JP Morgan Chase was hard to ignore in 2001. With total notional derivatives positions of $24 trillion, and a one-day 99% trading book value-at-risk of more than $90 million in late December, the bank continues to dominate the derivatives market. According to co-head of credit and rates Bill Winters: “We’ve taken more risk this year than we have in other years, and we’ve done well on it.”

Considering the firm for the three awards, we not only had to think about the risk management implications of JP Morgan Chase’s exposure to Enron. In the derivatives businesses themselves – both interest rates and credit – there was the question: had the merger worked? A marriage of high-volume vanilla business and client-orientated structuring business appeared to be a natural fit, until you teased out the implications in specific areas. The bank’s clients praised it for its innovation but, surprisingly, they also praised JP Morgan Chase for its invisibility in transacting large or difficult deals. That clinched the interest rate and credit awards, but only then did it become obvious that JP Morgan Chase deserved the house of the year award, simply for its ability to be all things to all people.

Winters says: “It’s a virtuous circle that we’ve always striven for, and we’ve got. We take on large chunks of risk from our clients on an underwriting basis, whether it’s in the rate markets or credit markets, then we distribute it out. We distribute it out faster, to more places, with more discretion, and that’s why we’ve got the reputation we have.”

The visibility in innovation, and the invisibility in liquidity provision, form two legs of a tripod at JP Morgan Chase, the third being capacity for risk. Here, the firm has undergone severe tests in 2001, both due to credit events such as Enron, and from market risk events such as the US bond market sell-off in November – the worst of its kind since 1994. As Winters’ fellow co-head, Don Wilson, puts it: “The fact that we passed that test is an indication that the liquidity franchise, the client franchise and the risk franchise are complementary.”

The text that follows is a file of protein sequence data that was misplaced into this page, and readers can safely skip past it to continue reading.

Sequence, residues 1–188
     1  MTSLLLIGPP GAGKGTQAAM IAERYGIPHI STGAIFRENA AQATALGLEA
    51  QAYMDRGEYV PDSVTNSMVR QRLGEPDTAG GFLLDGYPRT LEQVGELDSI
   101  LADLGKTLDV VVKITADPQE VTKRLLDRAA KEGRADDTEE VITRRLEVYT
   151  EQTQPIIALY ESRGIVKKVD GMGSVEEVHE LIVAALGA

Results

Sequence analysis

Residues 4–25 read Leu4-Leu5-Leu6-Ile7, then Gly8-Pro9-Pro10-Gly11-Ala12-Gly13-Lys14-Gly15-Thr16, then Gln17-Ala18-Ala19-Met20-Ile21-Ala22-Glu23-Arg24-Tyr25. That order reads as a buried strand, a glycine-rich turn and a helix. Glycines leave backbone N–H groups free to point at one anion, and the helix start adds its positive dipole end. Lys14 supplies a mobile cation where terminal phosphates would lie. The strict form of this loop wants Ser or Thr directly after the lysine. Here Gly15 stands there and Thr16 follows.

Wilson praises the efforts of JP Morgan Chase’s market risk management team, headed by Lesley Daniels Webster, in controlling the risk exposure of the rates business: “Part of the reason that we as a firm are able to do as many complicated, structured, risky things is that we’ve got a good relationship with risk management.”

There is something about the kinds of deals that JP Morgan Chase does in interest rates and currencies that makes its clients want to talk – a degree of cleverness and audacity that, one suspects, they don’t find forthcoming at other dealers. Take Baxter for instance. This US manufacturer of healthcare products has a market capitalisation of $31 billion and $3 billion of debt. JP Morgan Chase is one of the company’s top derivatives counterparties, transacting a E650 million swap into floating off the back of a Eurobond issue in April 2001.

But it was the way JP Morgan Chase exploited a clever loophole in US derivatives accounting rules that really impressed Baxter’s assistant treasurer, Bob Hombach. With $5 billion of its annual sales of $8 billion earned in Japan, Baxter ideally would want to hedge its anticipated net income in yen using currency forwards.

However, since US accounting rules do not recognise hedges for anticipated income, Baxter would have had to mark such contracts to market before the income was realised, resulting in enormous earnings volatility.